When free agency arrived last offseason, the Cincinnati Bengals appeared confident the team would be able to retain one of their two big impending wide receiver free agents. They made a solid offer to Marvin Jones, but he eschewed that contract for an opportunity to be “the guy” with the Detroit Lions.
Even though new faces stepped up as best they could in 2016, the rapport that had been built between Andy Dalton, Jones and Mohamed Sanu since 2012 was definitely missed last season. The issues became especially glaring when A.J. Green went down with a hamstring injury in Week 11 against the Bills.
Muddying the waters even further for the Bengals’ offense transitioning from Hue Jackson to Ken Zampese at offensive coordinator. Aside from the great relationship Dalton had with his receivers, all of his weapons were available at his disposal in 2015, which helped Jackson get uber-creative with his scheme before he left for the head coaching gig with the Browns. It all led to Dalton having an MVP-like campaign before a thumb injury ended his season.
Cincinnati’s quarterback worked through many issues in 2016, ranging from his new weapons not consistently getting open, to his once-proud offensive line taking a major step back and underperforming. Dalton still performed admirably, throwing 18 touchdowns against just eight interceptions, but the explosiveness from the group we witnessed in the prior year was missing.
On this week’s Orange and Black Insider, Scott Schultze and I continued assessing the Bengals’ position groups heading into 2017. We focused in on Cincinnati’s offense, with wide receiver being one of our focal points. Was 2016 just a blip in the radar for the Bengals’ offense in the wake of so much transition, or did it point to glaring deficiencies—especially when Green was out of the lineup?
Experience and acclimation
The Bengals employed four new players in their receiver rotation last year. Green and James Wright (a wet-behind-the-ears guy, himself) were the only players among the unit who spent time with the Bengals, which could explain many of the issues. Three of the four new faces were rookies (Alex Erickson, Tyler Boyd and Cody Core), cementing the idea that just more experience and chemistry may cure what ails the team.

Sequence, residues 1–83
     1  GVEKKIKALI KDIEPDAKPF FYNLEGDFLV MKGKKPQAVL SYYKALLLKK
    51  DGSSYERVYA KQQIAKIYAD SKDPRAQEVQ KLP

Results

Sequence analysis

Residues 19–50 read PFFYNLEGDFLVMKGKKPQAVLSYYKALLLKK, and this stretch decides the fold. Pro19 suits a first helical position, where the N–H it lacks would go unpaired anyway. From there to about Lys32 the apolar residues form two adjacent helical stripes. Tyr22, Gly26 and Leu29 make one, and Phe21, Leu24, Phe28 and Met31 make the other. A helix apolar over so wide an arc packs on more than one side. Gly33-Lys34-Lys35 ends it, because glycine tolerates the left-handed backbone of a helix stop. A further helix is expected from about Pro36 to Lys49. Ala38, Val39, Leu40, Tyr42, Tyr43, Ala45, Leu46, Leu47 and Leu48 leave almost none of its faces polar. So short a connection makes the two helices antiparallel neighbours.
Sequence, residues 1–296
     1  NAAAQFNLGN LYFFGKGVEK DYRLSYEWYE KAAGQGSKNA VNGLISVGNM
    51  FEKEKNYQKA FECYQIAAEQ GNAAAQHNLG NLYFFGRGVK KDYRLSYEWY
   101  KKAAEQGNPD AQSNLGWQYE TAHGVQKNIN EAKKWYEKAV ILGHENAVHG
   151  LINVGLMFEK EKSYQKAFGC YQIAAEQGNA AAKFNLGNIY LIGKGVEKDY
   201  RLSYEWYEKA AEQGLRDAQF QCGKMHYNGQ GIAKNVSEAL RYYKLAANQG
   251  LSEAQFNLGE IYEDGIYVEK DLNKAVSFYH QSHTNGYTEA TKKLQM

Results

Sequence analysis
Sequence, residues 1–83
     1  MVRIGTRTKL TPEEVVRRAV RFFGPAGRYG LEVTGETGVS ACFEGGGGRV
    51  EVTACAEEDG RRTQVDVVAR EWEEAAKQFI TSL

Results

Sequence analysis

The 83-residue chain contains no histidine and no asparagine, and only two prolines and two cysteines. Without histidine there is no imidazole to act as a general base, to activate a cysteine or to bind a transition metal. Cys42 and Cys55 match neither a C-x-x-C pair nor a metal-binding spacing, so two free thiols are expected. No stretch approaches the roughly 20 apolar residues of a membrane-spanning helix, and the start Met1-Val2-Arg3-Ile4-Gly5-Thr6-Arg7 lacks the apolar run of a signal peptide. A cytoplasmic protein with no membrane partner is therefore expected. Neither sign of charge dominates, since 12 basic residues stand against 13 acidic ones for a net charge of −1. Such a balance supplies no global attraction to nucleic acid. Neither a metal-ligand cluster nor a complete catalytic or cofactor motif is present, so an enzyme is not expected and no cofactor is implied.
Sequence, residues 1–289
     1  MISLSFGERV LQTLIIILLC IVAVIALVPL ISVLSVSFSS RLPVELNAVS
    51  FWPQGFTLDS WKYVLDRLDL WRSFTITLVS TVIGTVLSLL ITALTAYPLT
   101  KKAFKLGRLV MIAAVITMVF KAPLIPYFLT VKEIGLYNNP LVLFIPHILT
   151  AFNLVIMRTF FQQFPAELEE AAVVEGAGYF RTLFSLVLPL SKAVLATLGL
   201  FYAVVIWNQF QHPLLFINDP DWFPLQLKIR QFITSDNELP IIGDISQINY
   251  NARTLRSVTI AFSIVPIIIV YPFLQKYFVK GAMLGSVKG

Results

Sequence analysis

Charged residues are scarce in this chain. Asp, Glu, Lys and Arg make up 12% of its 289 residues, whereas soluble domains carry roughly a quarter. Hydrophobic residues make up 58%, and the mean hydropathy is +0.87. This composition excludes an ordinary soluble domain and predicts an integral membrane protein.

Brandon LaFell stepped up nicely for the team as a No. 2 option, and when Green went down for essentially the final seven games, the former Patriot filled in as well as could have been expected. But his contract status (he’s set to be a free agent) and age (30) bring questions going forward. After LaFell had the second-best year in his career, might he actually be a solid long-term option in the Bengals’ system in 2017 and beyond?
Experience and time in the system are critical for all players, but, even if LaFell is back with the group next season, is the amassed talent enough for a playoff push in 2017? Defensive end and linebacker seem to be more pressing needs, but if a top talent receiver falls to the Bengals in the early rounds, Cincinnati might be hard-pressed to pass up on the opportunity in this year’s NFL Draft. A speedster to add into the group is also something the Bengals should seek out in the Draft, regardless of whether LaFell stays or goes.
Zampese’s first year and dealing with major injuries:
For those who want the Bengals to play it conservative with offseason wide receiver acquisitions this year, consider the amount of time missed by Green and tight end Tyler Eifert in 2016 from injuries. Green is a top NFL talent at the receiver spot, as is Eifert at tight end, but their recent health issues have to call the status of their position groups into question.
Was 2016 an anomaly with Green and Eifert’s injuries, or should the team start to have contingency plans at the positions in case this becomes a troubling trend? Green has been relatively durable throughout his career, but Eifert has been quite injury-prone.
On one hand, the idea of Green paired up with Clemson’s Mike Williams or Western Michigan’s Corey Davis seems like a matchup nightmare for opposing defenses and dream for Bengals fans. However, most successful NFL franchises build from the inside (quarterback and in the trenches) out (skill positions), as opposed to having a ton of exciting receivers.
Is the formula to the Bengals’ 2017 offensive success simply in utilizing patience with three of last year’s rookies acclimating to Zampese’s scheme, as he feels his way through his second year as an offensive coordinator? Or, do the Bengals need to stack the offense as the Falcons did in their quest to a Super Bowl LI appearance?
You can watch the Orange and Black Insider live every week here at Cincy Jungle or on our YouTube channel. If you’re unable to join us live, you can catch our content on iTunes and SoundCloud, as well as here at CJ. We’re also reachable for fan questions and feedback on Twitter @BengalsOBI or via email at email@example.com.